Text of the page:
Lithium in drinking water could protect against dementia
Fewer people suffer from the disease when they drink water containing higher concentrations of lithium
New research shows a possible connection between the concentration of lithium in drinking water and the risk of developing dementia.
Scientists from the University of Copenhagen, Denmark, have analysed data from 800,000 people between the ages of 50 and 90 from around Denmark, out of which, 73,731 have dementia.
They also measured the lithium content of drinking water from 151 sites around the country and saw that people from areas where lithium concentrations were highest (over 15 micrograms per litre) had a 17 per cent reduced risk of dementia.
The results are published in JAMA psychiatry.
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Lithium used to treat bipolar
The new study reports a statistical correlation and while it suggests that lithium protects against dementia, it could also be associated with other environmental factors in the areas where the concentration of lithium happens to be highest.
But lithium is already known to influence a number of processes in the brain and is used to treat depression and bipolar.
Lars Vedel Kessing, a professor in clinical medicine at the University of Copenhagen and lead-author on the new study has previously published research that showed high concentrations of lithium in medications could protect bipolar patients against dementia.
In the study he reported that patients with depression and bipolar had a lower risk of developing Alzheimer’s disease if they had taken lithium-rich medication for a number of years.
Results grab international media attention
This is the first time that scientists have linked lithium in drinking water with the risk of developing dementia.
There are no known cures that can treat and halt the development of Alzheimer’s and so the new results have caught the attention of international media.
“This is a really intriguing study,” says Professor Simon Lovestone from the Department of Psychiatry at Oxford University, UK, speaking to the BBC.
David Reynolds from the charity Alzheimer's Research UK agrees.
“It is potentially exciting that low doses of a drug already available in the clinic could help limit the number of people who develop dementia,” he said to the BBC.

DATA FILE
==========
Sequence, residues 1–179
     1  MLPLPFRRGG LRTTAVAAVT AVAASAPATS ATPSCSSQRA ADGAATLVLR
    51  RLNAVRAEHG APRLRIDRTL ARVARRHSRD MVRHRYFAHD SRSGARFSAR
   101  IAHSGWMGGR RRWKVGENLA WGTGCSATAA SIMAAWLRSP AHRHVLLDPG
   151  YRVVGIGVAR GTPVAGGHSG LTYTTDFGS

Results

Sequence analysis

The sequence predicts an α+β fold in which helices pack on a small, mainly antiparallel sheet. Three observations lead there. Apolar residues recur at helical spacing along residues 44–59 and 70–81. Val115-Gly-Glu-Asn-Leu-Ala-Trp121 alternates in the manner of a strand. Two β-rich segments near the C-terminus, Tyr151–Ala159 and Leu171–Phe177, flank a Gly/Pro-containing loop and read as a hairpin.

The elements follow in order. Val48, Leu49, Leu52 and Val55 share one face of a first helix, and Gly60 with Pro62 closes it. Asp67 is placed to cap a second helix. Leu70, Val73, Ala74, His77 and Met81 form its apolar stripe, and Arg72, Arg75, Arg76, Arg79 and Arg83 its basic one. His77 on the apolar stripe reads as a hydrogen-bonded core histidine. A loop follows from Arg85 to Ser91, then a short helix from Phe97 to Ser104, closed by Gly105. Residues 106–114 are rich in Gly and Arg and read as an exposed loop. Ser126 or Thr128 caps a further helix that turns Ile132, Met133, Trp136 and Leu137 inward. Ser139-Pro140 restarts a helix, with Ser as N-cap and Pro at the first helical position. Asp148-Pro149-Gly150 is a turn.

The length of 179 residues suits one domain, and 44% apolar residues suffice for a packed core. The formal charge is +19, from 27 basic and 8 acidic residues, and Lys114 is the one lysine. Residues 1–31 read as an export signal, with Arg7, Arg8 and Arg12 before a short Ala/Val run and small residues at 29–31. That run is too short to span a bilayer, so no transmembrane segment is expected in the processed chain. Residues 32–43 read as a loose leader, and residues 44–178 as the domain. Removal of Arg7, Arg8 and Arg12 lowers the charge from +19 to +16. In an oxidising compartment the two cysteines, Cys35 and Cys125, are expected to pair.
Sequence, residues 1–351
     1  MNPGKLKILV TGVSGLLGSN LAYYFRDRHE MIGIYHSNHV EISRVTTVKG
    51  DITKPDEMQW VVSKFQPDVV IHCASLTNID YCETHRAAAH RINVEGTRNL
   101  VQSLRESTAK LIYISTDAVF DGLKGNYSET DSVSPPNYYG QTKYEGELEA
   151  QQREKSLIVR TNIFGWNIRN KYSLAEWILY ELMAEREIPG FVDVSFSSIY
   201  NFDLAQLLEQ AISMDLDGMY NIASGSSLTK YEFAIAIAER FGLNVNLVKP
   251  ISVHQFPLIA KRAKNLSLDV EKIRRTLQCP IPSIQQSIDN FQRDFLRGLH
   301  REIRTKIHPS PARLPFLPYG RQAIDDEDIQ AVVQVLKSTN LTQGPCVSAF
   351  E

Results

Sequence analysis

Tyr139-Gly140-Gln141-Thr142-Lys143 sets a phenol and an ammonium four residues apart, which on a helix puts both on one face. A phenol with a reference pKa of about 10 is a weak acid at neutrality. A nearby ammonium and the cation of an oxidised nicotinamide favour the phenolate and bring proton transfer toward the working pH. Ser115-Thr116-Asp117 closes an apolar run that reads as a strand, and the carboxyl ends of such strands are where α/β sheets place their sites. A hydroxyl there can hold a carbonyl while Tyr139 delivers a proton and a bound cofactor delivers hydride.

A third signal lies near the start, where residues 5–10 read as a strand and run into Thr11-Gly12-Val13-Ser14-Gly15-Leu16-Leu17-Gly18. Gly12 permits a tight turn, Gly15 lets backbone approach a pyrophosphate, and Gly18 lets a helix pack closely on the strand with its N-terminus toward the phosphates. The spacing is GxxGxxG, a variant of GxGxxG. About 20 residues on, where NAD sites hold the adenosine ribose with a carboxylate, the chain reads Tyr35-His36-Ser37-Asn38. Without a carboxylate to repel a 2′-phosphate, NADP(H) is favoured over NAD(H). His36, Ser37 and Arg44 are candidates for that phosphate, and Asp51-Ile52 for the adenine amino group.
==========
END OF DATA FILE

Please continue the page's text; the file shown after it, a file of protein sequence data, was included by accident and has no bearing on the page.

But scientists agree that more research is needed before they can say for sure whether it is lithium in drinking water that can explain the link.
Most lithium in East Denmark
Scientists from the Geological Survey of Denmark and Greenland (GEUS) measured the lithium concentration of Danish drinking water for the first time and it was these data that were subsequently used in the new study.
“Lithium is found naturally in Danish groundwater, but only in low concentrations. Some countries have much higher concentrations,” says Jörg Schullehner, a postdoc at GEUS, who is one of the scientists behind the nationwide drinking water lithium mapping, a study that is published in the scientific journal Geosciences.
According to Schullehner, East Denmark contains the highest lithium concentrations, while West Denmark has the lowest.
It’s unlikely that authorities will add lithium to drinking water in regions where concentrations are low, says Schullehner.
“In Denmark, our policy is to treat groundwater as little as possible before it becomes drinking water. As a rule we do not add anything,” he says.
Read more in the Danish version of this story on Videnskab.dk
Translated by: Catherine Jex
- 'Association of Lithium in Drinking Water With the Incidence of Dementia', JAMA Psychiatry 2017. Doi: 10.1001/jamapsychiatry.2017.2362
- 'Exposure to Selected Geogenic Trace Elements (I, Li, and Sr) from Drinking Water in Denmark', Geosciences 2017. doi:10.3390/geosciences5010045